Here, we have shown that classic cadherins are required for the formation, rather than the maintenance, of local circuits in the cerebral cortex during development. Elongation of callosal axons derived from layer 2/3 neurons was not affected by dn-cadherin, suggesting that dn-cadherin selectively inhibited barrel net formation. Our results suggest that classic cadherins are also important for the development of presynaptic structures on barrel net axons. Our findings uncovered an important role of classic cadherins in local intracortical circuit formation.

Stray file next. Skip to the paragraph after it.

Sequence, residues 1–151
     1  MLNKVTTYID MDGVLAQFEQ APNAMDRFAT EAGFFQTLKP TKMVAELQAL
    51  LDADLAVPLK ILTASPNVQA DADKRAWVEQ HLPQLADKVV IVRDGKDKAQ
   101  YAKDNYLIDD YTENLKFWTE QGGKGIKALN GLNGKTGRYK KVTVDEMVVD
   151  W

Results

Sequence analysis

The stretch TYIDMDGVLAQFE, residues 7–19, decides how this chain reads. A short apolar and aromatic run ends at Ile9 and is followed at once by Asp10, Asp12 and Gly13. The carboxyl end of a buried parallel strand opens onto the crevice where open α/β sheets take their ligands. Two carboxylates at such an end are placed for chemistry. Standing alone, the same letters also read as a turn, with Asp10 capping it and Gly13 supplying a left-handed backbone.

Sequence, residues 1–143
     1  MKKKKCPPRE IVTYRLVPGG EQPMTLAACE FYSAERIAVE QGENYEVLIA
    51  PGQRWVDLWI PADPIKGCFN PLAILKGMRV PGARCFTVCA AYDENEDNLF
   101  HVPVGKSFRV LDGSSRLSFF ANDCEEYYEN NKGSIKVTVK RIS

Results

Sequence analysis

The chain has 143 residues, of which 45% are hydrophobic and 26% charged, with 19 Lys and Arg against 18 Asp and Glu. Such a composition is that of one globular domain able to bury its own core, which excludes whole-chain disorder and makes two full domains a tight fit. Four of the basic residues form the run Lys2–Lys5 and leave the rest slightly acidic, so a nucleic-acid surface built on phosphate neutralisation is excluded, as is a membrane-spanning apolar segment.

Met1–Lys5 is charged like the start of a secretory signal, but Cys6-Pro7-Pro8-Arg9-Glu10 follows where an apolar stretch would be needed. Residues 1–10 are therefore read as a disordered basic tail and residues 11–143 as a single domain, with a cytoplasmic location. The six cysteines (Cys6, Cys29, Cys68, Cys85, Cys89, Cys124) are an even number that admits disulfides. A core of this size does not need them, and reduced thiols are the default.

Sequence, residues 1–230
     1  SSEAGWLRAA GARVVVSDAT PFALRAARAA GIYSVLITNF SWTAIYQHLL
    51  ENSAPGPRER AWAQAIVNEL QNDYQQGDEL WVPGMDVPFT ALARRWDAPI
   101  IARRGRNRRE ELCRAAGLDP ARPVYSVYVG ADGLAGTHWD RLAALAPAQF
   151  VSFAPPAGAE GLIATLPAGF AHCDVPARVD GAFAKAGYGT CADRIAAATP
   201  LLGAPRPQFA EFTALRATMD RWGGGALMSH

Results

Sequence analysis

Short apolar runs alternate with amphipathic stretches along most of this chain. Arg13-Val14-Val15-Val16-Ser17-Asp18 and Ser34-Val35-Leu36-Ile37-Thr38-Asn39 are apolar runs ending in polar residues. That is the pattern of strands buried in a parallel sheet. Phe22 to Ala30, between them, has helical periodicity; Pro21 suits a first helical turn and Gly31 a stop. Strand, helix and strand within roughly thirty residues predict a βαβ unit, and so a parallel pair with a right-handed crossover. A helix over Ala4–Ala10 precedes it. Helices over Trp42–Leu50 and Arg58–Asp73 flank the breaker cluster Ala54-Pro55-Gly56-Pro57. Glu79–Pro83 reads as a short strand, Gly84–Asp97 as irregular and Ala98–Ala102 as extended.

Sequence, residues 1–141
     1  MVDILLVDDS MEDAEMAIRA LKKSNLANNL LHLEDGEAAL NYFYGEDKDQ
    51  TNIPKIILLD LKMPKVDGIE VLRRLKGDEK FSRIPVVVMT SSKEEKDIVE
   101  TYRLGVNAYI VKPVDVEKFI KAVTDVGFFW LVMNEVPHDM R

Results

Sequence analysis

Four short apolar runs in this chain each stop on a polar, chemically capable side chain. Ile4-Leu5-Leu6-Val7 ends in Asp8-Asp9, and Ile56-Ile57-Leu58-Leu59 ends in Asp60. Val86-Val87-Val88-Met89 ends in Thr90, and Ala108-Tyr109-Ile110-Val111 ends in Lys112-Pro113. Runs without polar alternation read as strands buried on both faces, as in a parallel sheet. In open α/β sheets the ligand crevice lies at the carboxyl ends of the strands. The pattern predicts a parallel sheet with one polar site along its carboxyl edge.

Because previous reports showed that multiple classic cadherins are expressed in whisker-related patterns (Huntley and Benson 1999; Obst-Pernberg et al. 2001; Huntley 2002; Dye et al. 2011; Krishna-K et al. 2011), we utilized dn-cadherin to suppress these classic cadherins simultaneously and uncovered that classic cadherins are indeed required for barrel net formation. In order to fully understand the cadherin-mediated mechanisms underlying barrel net formation, there are several important questions to be addressed. First, it would be important to investigate which of the classic cadherins mediate barrel net formation. Combining cadherin-knockout mice and in utero electroporation to reveal barrel nets would be appropriate experiments to address this point. Second, because classic cadherins mediate homophilic binding, it seems possible that cadherin molecules on barrel net axons bind to cadherin molecules expressed on other cells in the septa. It would be intriguing to investigate which neurons in which layers are responsible for this. Alternatively, it seems also possible that cadherins on axons in barrel nets bind to cadherins on neighboring axons in the same barrel net. Third, it would be intriguing to examine the effect of dn-cadherin at the level of single axons. When GFP is expressed with conventional in utero electroporation, numerous axons in barrel nets are labeled with GFP, and as a result, it is difficult to examine what happens to individual GFP-positive axons, such as branching, elimination, and elongation. Our experiments using dissociated primary cultures showed that axon elongation and branching were not affected by dn-cadherin in vitro. Therefore, it seems reasonable to speculate that GFP-positive axons in septal regions were shifted into barrel hollows by hDNcad expression, although this should be addressed by future detailed morphological analyses of single neurons in vivo. Future experiments would be required for obtaining a complete understanding of the mechanisms underlying barrel net formation.